IBC extension set to increase complications in the financial statements of companies – The Economic Times

Clipped from: https://economictimes.indiatimes.com/news/economy/policy/ibc-extension-set-to-increase-complications-in-the-financial-statements-of-companies/articleshow/79925646.cms

Synopsis–For the lenders, the financial statements will have to reflect and even take a judgment on the financial health of companies they have lent to. This is mainly because they will have to provide for this in the financial statements.

MUMBAI: Even as the government suspended the Insolvency and Bankruptcy Code (IBC) process for three more months amidst Covid pandemic, this is set to have an impact on the financial statements of the lenders and these companies.

For the lenders, the financial statements will have to reflect and even take a judgment on the financial health of companies they have lent to. This is mainly because they will have to provide for this in the financial statements.

For the companies on the other hand that are in a stress situation, the problem of “going concern” will be triggered. Going concern is essentially an accounting concept where the auditor has to certify that the company will survive for the next one year.

Industry trackers say that the extension of the IBC process means that neither the lenders nor the companies will have a clear idea on the future viability.

Fresh loans are hard to come by for large stressed corporates and medium and small enterprises that have utilised the moratorium, which is estimated to be as high as 40% of total corporate loans, as lenders look at them as vulnerable candidates who could become bad loans in a few quarters. In some cases lenders also roped in consultants to study the viability of some big businesses before signing off on the next tranche of loans.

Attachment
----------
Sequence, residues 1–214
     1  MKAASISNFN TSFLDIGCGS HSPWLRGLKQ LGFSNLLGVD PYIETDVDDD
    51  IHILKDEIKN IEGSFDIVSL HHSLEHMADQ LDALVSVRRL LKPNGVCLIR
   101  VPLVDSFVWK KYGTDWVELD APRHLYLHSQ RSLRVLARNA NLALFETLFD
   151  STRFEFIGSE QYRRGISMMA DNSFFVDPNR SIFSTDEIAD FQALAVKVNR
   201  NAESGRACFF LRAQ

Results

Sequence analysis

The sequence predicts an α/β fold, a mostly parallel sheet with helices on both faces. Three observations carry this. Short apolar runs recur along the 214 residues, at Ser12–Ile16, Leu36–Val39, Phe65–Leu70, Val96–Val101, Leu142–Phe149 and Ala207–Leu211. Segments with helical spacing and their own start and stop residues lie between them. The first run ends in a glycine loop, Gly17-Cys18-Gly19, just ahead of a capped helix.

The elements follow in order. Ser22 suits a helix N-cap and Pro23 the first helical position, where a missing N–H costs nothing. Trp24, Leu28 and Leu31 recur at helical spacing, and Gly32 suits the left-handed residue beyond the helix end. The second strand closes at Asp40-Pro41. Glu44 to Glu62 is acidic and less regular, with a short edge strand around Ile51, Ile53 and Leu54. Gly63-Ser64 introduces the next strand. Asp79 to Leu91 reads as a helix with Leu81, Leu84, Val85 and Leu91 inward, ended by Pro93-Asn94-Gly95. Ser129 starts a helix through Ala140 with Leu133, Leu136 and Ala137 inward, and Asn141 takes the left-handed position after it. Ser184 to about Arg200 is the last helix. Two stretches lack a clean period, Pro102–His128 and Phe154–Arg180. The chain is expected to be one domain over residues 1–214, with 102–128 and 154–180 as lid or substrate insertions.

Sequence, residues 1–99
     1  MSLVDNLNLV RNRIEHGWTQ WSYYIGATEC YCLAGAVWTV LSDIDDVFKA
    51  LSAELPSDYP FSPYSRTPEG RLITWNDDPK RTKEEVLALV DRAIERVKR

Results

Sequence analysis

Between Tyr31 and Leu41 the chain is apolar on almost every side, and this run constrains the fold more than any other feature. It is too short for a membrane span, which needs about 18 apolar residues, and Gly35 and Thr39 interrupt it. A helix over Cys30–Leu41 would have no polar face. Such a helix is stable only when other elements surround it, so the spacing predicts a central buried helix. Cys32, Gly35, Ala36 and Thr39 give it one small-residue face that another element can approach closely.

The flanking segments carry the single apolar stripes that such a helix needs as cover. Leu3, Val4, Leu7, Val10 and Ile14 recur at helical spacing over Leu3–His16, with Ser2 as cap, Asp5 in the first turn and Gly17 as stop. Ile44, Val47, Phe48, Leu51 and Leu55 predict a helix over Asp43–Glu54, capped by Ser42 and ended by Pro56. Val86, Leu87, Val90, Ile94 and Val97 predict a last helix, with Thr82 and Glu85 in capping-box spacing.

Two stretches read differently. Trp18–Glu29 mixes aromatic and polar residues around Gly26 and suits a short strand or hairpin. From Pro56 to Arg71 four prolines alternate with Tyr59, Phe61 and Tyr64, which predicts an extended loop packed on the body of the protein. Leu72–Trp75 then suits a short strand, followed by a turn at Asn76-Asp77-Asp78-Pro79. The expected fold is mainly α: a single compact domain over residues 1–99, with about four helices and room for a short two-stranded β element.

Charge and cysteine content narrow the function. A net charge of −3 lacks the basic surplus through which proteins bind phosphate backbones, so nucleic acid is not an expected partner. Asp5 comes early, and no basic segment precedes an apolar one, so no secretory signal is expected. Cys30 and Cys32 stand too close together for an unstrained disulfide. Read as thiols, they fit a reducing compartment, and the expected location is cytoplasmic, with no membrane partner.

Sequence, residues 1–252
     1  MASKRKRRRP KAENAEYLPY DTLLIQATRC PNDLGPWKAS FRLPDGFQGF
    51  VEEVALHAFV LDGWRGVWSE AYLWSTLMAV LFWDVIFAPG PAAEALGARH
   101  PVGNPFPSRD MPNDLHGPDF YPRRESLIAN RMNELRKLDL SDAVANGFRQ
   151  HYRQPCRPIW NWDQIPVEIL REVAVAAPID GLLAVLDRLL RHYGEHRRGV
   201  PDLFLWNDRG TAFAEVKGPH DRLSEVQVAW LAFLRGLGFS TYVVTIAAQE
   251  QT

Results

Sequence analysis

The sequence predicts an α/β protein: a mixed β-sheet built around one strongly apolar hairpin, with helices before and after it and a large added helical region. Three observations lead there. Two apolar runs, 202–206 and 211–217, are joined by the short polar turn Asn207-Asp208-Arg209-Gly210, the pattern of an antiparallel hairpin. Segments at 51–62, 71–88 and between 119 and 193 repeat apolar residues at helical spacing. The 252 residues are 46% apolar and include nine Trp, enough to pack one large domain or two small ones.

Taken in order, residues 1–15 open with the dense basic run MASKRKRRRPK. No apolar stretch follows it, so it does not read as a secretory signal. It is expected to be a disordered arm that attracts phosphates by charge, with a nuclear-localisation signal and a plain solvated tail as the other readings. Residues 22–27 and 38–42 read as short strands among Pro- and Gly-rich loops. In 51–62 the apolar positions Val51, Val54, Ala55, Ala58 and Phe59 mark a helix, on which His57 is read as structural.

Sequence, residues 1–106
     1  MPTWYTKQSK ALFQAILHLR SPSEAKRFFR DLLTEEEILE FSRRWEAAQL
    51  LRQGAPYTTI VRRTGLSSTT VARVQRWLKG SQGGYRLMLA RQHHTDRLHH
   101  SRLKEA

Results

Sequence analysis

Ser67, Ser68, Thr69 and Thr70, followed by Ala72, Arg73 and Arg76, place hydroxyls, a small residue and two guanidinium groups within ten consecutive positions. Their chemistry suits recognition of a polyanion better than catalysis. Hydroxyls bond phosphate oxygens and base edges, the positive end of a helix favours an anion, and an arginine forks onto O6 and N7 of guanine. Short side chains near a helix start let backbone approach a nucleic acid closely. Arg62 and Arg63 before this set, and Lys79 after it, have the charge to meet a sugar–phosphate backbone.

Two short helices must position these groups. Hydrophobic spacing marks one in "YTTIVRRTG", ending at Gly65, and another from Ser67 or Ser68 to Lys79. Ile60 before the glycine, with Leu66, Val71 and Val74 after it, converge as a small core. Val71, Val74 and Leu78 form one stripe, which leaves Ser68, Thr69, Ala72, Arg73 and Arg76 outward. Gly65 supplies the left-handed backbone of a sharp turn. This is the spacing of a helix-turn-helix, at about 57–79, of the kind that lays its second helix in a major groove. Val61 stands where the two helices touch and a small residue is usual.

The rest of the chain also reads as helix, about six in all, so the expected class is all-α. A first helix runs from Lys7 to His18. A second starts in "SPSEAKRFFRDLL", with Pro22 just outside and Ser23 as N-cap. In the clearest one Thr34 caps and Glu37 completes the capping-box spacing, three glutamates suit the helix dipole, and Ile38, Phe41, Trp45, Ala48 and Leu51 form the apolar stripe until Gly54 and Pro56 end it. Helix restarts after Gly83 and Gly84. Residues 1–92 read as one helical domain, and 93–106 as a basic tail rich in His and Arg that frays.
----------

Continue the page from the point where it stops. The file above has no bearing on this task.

Most of the accounts where lenders see vulnerability emerging are the MSME accounts where bad loans have been abnormally high. As per a report by TransUnion CIBIL, the bad loan ratio in the MSME segment stood 12.5% as of January 2020.

“There is a lot of uncertainty when it comes to asset quality so bankers feel it’s prudent to study cash reserves, cash monitoring and past track record before extending further loans,” said a senior official at a public sector bank on the condition of anonymity. “Largely the scrutiny is on those accounts which are showing signs of stress.”

While lenders say they are ready to face the stress, a little bit of prudence is the need of the hour. Issues are also emerging in companies which could have not been referred to IBC, but could have been had it not been for the government suspended insolvency proceedings against fresh defaulters for a year.

The impact may be more for the banks and the NBFCS. Many NBFCs are struggling to predict and manage credit risk amidst the pandemic, it has become imperative for them to have a strong risk management framework. Some of the factors that NBFCs may consider in risk management are assessment of creditworthiness of the borrower, mitigation of credit risk by reviewing value of collaterals on a regular basis and regular back-testing.

Auditors and company executives had told ET earlier that higher provisioning may be necessary as the Covid-19 pandemic-induced sharp slowdown would have increased difficulties for these businesses already hit by the ongoing slowdown. In many cases auditors have asked companies to provide up to 50% failing which they will be forced to
qualify the accounts.

NBFCs follow Indian Accounting Standards or Ind-As and will have to provide for all the potential bad loans even if it’s way above what the central bank has prescribed. Under Ind-AS, auditors are required to make a judgment call on each loan portfolio even if the borrower is not a defaulter, and decide how much has to be provisioned. Some industry leaders have even welcomed the move stating that it will be better for the industry long-term.

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